Board Feet of Cedar in a Cord

      Sawmillers talk rough equivalents: board feet, cords, and truckloads. December 6, 2009

Question
I'm setting up the purchase of a semi load of cedar logs but I need to know how many board feet are in a cord if the logs are 8'6" long and 10"-15" on the small end? All the loggers I talk to sell by the cord and I need to figure out the footage so I can determine my sawing cost. I have my own mill.

Forum Responses
(Sawing and Drying Forum)
From Professor Gene Wengert, forum technical advisor:
As a rough rule, 500 BF per cord, but it depends on size, species, bark, straightness and so on.



From contributor S:
Has your supplier said how many cords are on a tractor trailer load? Before this depression hit, I used to buy tractor trailer loads of logs from up to 150 miles away, and we'd get anywhere from 3200 to 3800 bd/ft out of a load, depending on log diameter.


From the original questioner:
The driver says with cedar he has hauled as much as 20 cords if he heaps it high, but for the most part 16 is the average. If I used your board footage per load on 16 cords that would only be 200--237 bd ft per cord. That doesn't sound right.


From contributor T:
It depends on the quality of the saw logs. The volume recovery from eastern red cedar can fluctuate fairly dramatically. If your logs are better than average, you can get waste as little as 10-15%, but because of the tendency of that species to have bark inclusion, crook, drastic taper, and heart rot in larger logs, you can also see waste as high as 40% in really low quality logs. I don't mill logs with that much waste.

I am fortunate to have high grade logs in this area - as far as ERC is concerned. The best cedar comes from stands which grow amongst taller hardwoods, because the lower branches die off, the bark inclusion is generally less, they tend to grow straighter, and older logs lose the drastic taper eventually. I see sound logs of larger diameters than what seems to be prevalent in other parts of the country as well.

Good quality ERC saw logs in the 12" to 16" small end range with few if any defects can produce a good amount of lumber with little waste. But if you get scrawny logs with even one or two of the aforementioned defects prevalent in most of the logs, your waste factor skyrockets in this species.



From contributor S:
If you go with Dr. Gene's number of 500 bd/ft a cord and your supplier's estimate of 16 cords/load, you'd have 8,000 bd/ft of lumber to a trailer load of logs. All I can say to that is, I'll believe that when I see it for myself. How much does your supplier want for a trailer load of logs?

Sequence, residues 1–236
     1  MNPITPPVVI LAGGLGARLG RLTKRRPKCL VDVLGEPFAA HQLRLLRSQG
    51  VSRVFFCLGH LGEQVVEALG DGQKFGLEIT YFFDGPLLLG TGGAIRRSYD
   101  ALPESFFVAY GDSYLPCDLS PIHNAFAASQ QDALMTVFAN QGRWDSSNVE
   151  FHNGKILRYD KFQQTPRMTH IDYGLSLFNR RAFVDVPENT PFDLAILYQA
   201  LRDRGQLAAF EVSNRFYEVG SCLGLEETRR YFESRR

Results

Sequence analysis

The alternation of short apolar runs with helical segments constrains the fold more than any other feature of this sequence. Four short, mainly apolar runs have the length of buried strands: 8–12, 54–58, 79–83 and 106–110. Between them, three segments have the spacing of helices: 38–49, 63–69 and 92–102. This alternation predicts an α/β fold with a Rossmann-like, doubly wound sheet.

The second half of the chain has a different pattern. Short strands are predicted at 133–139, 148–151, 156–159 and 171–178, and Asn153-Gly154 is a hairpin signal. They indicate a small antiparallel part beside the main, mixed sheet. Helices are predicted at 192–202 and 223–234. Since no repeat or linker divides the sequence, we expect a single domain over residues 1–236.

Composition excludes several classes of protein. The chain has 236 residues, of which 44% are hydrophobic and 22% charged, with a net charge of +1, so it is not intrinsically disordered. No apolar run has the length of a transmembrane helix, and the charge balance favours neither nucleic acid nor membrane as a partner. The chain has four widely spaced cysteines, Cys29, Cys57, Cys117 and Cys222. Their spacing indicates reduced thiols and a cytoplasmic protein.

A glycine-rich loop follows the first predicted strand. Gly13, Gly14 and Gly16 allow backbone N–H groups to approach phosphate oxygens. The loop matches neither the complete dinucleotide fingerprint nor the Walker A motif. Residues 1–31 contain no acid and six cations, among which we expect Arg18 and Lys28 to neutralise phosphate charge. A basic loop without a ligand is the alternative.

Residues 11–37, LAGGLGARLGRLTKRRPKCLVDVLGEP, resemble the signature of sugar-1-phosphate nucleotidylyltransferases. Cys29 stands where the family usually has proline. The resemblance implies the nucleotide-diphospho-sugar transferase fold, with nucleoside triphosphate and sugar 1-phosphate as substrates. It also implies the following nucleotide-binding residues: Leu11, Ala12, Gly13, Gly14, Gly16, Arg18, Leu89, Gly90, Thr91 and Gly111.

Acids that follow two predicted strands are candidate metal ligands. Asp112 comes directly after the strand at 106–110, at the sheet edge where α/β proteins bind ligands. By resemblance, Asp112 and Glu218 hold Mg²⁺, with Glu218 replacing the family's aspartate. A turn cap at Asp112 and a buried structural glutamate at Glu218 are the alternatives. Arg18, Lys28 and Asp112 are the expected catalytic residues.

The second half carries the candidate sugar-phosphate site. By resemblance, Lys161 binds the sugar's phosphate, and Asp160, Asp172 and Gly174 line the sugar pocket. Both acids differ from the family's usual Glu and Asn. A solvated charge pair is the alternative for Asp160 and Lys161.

From contributor R:
A cord is around 5600-5700 lbs (my broker uses 6K). Are you talking tandem trailers? If not, that's about 90k lbs per load.


From the original questioner:
Took a trip up to the UP (Michigan) yesterday and talked to the loggers and a few sawmills. Most were willing to sell but their prices were high from what I have paid in the past. Prices where $235 - $375/cord for saw logs 10" on the small end and up. Most lengths were 8'6". Trucking from there to me is about 350 miles round trip so that adds up as well.


From contributor B:
Gene, could your estimate be used in reverse, to tell how many cords or ricks would be in a log? For example; say a log scaled at 125 BF - could that also be a rick of wood?


From Professor Gene Wengert, forum technical advisor:
I am not sure, but if you did I would guess that the estimate would be very rough.

Would you like to add information to this article?
Interested in writing or submitting an article?
Have a question about this article?


Have you reviewed the related Knowledge Base areas below?
  • KnowledgeBase: Knowledge Base

  • KnowledgeBase: Primary Processing

  • KnowledgeBase: Primary Processing: Sawmilling

  • KnowledgeBase: Primary Processing: Yield Formulas


    Would you like to add information to this article? ... Click Here

    If you have a question regarding a Knowledge Base article, your best chance at uncovering an answer is to search the entire Knowledge Base for related articles or to post your question at the appropriate WOODWEB Forum. Before posting your message, be sure to
    review our Forum Guidelines.

    Questions entered in the Knowledge Base Article comment form will not generate responses! A list of WOODWEB Forums can be found at WOODWEB's Site Map.

    When you post your question at the Forum, be sure to include references to the Knowledge Base article that inspired your question. The more information you provide with your question, the better your chances are of receiving responses.

    Return to beginning of article.



    Refer a Friend || Read This Important Information || Site Map || Privacy Policy || Site User Agreement

    Letters, questions or comments? E-Mail us and let us know what you think. Be sure to review our Frequently Asked Questions page.

    Contact us to discuss advertising or to report problems with this site.

    To report a problem, send an e-mail to our Webmaster

    Copyright © 1996-2016 - WOODWEB ® Inc.
    All rights reserved. No part of this publication may be reproduced in any manner without permission of the Editor.
    Review WOODWEB's Copyright Policy.

    The editors, writers, and staff at WOODWEB try to promote safe practices. What is safe for one woodworker under certain conditions may not be safe for others in different circumstances. Readers should undertake the use of materials and methods discussed at WOODWEB after considerate evaluation, and at their own risk.

    WOODWEB, Inc.
    335 Bedell Road
    Montrose, PA 18801

    Contact WOODWEB











  • WOODWEB - the leading resource for professional woodworkers


      Home » Knowledge Base » Knowledge Base Article